Lea Kna, from Cambodia, was sold at the age of 6 by her parents who lived in poverty. The buyer, a family friend, transported her across the border into Thailand where she was re-sold to a brothel and forced into child prostitution.
Anna, 15, arrived in Heathrow airport thinking she would be spending her summer holiday babysitting in London to earn some extra pocket money. The man who met her took her to a coffee shop in the airport where he sold her to a brothel owner for £3000. Forced into prostitution, Anna was told that if she tried to escape, her family back home in Russia would be harmed.
Every year men, women and children are bought and sold. Often criminal gangs will use threats, manipulation and debt bondage to ensure that their victims do not escape. CARE is focusing on the plight of women, children and men trafficked for sexual exploitation in the UK and across the world. Many are kept in appalling conditions and are forced to see dozens of clients a day. Research shows that those who are rescued often share similar symptoms with survivors of torture.
The CARE campaign focuses on three areas: demand, after-care and education.
Trafficking for the purpose of sexual exploitation is currently a high profit, low risk venture for those who trade in people. It has been reported that some drug trafficking gangs have switched to people trafficking as there is more money to be made and less risk of being caught. The number of British people buying sexual services has more than doubled in a recent ten year period, fuelling demand for prostitution. There is a ready made market for pimps, gangs and traffickers to exploit and make high levels of profit.
The Policing and Crime Act 2009 recently changed the law on the demand aspect of this issue. As of April 2010 it will be illegal to pay for sex with someone who is ‘subject to force’. It is vital that the root causes of exploitation are addressed, otherwise significant reduction in sex trafficking and other forms of commercial sexual exploitation will not be realised.
CARE is campaigning for the demand for sex trafficking and prostitution to be sufficiently tackled, therefore bringing a reduction in the number of people recruited and exploited in this way. For more information download CARE’s paper on tackling the demand for prostitution and sex trafficking.
It is vital that adequate care and protection is given to people who have been exploited. They are often extremely traumatised and need medical and psychological assistance as well as support for re-integration into society.
Although removed from the exploitative situation, trafficked individuals are often still very vulnerable to being found and re-sold by their traffickers. It is therefore vital that they are looked after in a safe environment.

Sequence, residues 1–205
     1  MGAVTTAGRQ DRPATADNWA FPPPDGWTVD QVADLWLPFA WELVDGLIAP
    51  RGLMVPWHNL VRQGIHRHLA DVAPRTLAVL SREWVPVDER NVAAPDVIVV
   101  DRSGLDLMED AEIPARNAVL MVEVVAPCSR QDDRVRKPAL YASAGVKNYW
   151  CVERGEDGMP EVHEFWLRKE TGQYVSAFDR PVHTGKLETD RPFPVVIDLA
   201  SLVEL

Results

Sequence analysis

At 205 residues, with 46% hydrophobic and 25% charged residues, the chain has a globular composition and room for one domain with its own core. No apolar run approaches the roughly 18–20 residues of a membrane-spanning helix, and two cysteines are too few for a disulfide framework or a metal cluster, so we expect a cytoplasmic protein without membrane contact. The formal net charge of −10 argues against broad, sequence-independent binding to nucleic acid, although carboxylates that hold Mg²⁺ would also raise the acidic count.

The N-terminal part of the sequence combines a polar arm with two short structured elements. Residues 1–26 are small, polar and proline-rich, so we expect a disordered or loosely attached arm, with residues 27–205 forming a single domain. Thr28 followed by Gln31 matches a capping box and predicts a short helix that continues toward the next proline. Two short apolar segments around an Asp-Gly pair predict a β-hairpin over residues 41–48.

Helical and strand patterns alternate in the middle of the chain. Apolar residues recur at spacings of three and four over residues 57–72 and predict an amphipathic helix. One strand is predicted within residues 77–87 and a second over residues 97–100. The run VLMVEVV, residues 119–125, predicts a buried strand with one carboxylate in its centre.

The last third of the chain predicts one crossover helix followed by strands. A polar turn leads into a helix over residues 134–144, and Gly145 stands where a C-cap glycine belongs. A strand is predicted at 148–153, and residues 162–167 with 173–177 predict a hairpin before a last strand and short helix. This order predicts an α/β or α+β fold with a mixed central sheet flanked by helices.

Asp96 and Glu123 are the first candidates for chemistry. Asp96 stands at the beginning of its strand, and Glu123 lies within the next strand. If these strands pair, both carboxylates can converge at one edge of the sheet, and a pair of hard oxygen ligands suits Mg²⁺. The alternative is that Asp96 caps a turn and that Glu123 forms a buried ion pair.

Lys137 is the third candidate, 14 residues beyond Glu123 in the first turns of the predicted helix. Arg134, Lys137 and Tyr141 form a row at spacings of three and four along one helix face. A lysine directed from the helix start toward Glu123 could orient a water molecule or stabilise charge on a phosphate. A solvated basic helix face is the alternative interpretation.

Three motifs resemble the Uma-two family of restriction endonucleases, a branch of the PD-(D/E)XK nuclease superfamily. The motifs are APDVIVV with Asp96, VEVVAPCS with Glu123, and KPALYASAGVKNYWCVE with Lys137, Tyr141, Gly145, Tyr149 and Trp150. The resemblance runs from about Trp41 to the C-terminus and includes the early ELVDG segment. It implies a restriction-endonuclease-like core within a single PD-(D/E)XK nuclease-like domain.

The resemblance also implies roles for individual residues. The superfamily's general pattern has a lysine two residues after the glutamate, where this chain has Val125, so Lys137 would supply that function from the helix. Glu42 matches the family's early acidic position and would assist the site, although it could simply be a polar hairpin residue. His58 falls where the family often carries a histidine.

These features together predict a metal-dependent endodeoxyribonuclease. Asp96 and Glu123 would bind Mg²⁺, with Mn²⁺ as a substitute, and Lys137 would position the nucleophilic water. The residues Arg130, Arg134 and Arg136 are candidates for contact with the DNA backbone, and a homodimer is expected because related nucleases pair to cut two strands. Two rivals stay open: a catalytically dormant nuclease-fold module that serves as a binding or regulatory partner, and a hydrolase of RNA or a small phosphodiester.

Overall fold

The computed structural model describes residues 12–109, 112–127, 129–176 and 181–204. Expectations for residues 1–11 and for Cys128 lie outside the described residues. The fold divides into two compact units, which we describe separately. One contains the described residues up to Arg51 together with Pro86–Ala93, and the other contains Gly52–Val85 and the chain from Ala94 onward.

Due to the intimidation that individuals face from their traffickers and pimps, they can often be hesitant to share their stories with the police and immigration staff. Unfortunately this can lead to cases of trafficked people ending up in UK detention centres and being exported back to source countries where they may face violence and re-trafficking. CARE is a signatory to the Asylum Aid Charter The Rights of Women Seeking Asylum www.asylumaid.org.uk/charter
NGOs across Europe are working hard to make help and assistance more easily accessible to people who have been trafficked. CARE’s office in Brussels has been working with Stop the Traffik and Oasis Trust in promoting an EU Written Declaration calling for a single European helpline number on trafficking as well as provision in the EU budget for this to be serviced by suitable NGOs.
The UK has signed and ratified the Council of Europe Convention on Action against Trafficking in Human Beings. The Convention came into force on 1st April 2009. CARE was among several NGOs who campaigned for the UK Government to sign the Convention.
The Convention gives provision for the care and protection of people who have been trafficked, including a reflection period where an individual will receive safe housing, medical care and assistance. The UK Government has committed to providing a 45 day recovery period which is to be commended. However, due to the health and trauma consequences of trafficking, a minimum of 90 days is preferable.
Find out more about the Council of Europe Convention.
CARE works in partnership with Beyond the Streets which exists to unite, equip and empower groups working with people involved in prostitution to offer freedom and change. Beyond the Streets has over 50 affiliated projects who work with around 4,000 people caught up in prostitution throughout the UK.
In order to reduce trafficking in the UK it is vital that people are aware that it is happening and know how to spot the signs. Police, BIA staff, social workers, teachers and health care staff may come onto contact with people who are being exploited. However, it is not just members of the above professions who may come into contact with trafficking situations. People are trafficked into towns and cities all over the UK. There may be trafficked people being held on your street. To learn about how to spot signs of trafficking in your area click here.
If you suspect a case of trafficking, contact Crimestoppers on 0800 555 111
CARE recognises that it is especially important to educate people on the dangers of trafficking, especially in countries of origin. CARE has been working with partners in countries of origin – training local people to do preventative work in their own communities. There is also a need to educate children in the UK of the dangers of being groomed for prostitution and trafficked internally by criminal gangs.
There is also a need to educate those who buy, or may buy, sexual services of the reality of the sex trade.